DDD, CQRS and Event Sourcing
In preparation for a new gig I'm reading up on the terms Domain-Driven Design, Command-Query Responsibility Segregation, and Event Sourcing. Here are a list of useful texts and talks that I've discovered so far. If anything is missing please leave a comment.
- Eric Evans: What is a model? - "A model is not a UML diagram nor a certain layer of the software. [...]. It is a system of abstractions, it describes selected aspects of a domain, and can be used to solve problems related to that domain."
- Eric Evans: What I've learned since the book - slightly longer talk on Eric's findings since he co-authored the book on DDD.
- Eric Evans: Domain-Driven Design - As far as I can tell, the book on DDD. Haven't read it though.
- Command-Query Separation - although first defined in a book by Bertrand Meyer, Fowler makes a great job explaining CQS, the predecessor (sort of) to CQRS.
- Command-Query Responsibility Segregation - the term is coined by Greg Young (more links below), but again described well by Fowler. Builds on CQS. "At its heart is a simple notion that you can use a different model to update information than the model you use to read information." Moreover, "CQRS allows you to separate the load from reads and writes allowing you to scale each independently" is something I have studied previously, but don't remember using this term for it before. Neat! 1
- Udi Dahan: Clarified CQRS - Command-Query Responsibility Segregation "explained". Two significant components Dahan addresses that others have left out are collaboration and staleness. 2
- Greg Young's summary on CQRS - The "invetor's" own summary of the CQRS pattern. Perhaps the most straightforward explanation I've seen so far, but flies over some important aspects of what the pattern means for the data model in my opinion.
- CQRS pattern explained by MSDN - Good and detailed description of the pattern. Also includes a helpful section on when not to use it (and it has pictures).
- Fowler on Event Sourcing - The gist in one line: "Capture all changes to an application state as a sequence of events." Two notions I find particularly interesting are Temporal Query and Event replay. The post also includes a good list on some challenges with Event Sourcing.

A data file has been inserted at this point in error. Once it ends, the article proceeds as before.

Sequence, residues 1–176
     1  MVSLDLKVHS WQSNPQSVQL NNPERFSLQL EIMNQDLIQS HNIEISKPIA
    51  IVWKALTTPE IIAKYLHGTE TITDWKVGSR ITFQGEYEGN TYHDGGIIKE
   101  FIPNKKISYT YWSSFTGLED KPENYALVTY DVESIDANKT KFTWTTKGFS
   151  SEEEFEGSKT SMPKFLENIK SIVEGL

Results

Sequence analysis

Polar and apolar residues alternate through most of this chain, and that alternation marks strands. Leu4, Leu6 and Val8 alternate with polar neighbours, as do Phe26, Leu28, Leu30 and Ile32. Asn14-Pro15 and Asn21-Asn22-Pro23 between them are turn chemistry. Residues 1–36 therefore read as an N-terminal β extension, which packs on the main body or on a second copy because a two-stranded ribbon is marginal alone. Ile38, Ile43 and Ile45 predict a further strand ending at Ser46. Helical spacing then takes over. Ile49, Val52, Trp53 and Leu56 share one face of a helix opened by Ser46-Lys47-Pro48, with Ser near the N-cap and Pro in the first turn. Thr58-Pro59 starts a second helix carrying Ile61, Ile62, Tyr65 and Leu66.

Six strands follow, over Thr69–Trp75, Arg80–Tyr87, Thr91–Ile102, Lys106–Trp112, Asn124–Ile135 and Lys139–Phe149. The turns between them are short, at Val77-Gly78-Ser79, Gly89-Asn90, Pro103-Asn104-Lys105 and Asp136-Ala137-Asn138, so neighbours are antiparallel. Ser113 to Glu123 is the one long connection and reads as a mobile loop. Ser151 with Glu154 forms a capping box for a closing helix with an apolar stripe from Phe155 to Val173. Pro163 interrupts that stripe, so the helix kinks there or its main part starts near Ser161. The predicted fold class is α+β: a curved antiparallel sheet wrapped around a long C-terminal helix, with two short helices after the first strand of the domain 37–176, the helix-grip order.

- Event Sourcing explained by MSDN - The section on Performance, scalability and consistency is useful.
- EventStore - the basics of storing events rather than objects. "[...] data is not persisted in a structure but as a series of transactions."
- A deep look into the Event Store - talk by Greg Young from the Oredev conference, Nov 8, 2012.
- "Focus relentlessly on the core domain" - Evans
- "CQRS is not a top-level architecture. CQRS is something that happens at a much lower level, where your top level architecture is probably going to look more like SOA and EDA." - Young
- Aggregates are composed of smaller events. E.g., a purchase order contains line items
- I'd read Werner Vogel's eventually consistent post before, but stumbled upon it again and reread it. It's good.
- Examples in C# on CQRS and Event sourcing
- Akka and event sourcing - stumbled across a tweet from scalarconf and I spotted this presentation by Konrad Malawski.
- Description of EventStore's architecture
- "If you sat down with them [a customer], explaining the long-term value of having an archive of all actions in the system, and they said OK, build this into the system from the beginning, that would be fine." - Dahan
- Food for future thoughts: Reactive Design Patterns, Reactive Manifesto, SEDA, and Retrospective on SEDA.
 This may also mean that industry have come up with a marketable name for something researchers have been thinking about for a long time already.
 I got kind of frustrated/annoyed with this claim in Dahan's article: "How fast they get processed is a question of Service-Level Agreement (SLA) and not architecturally significant." To me it seems an SLA, determining much of a systems quality attributes, is definitely something architecturally significant. Maybe I just don't get what he's trying to say?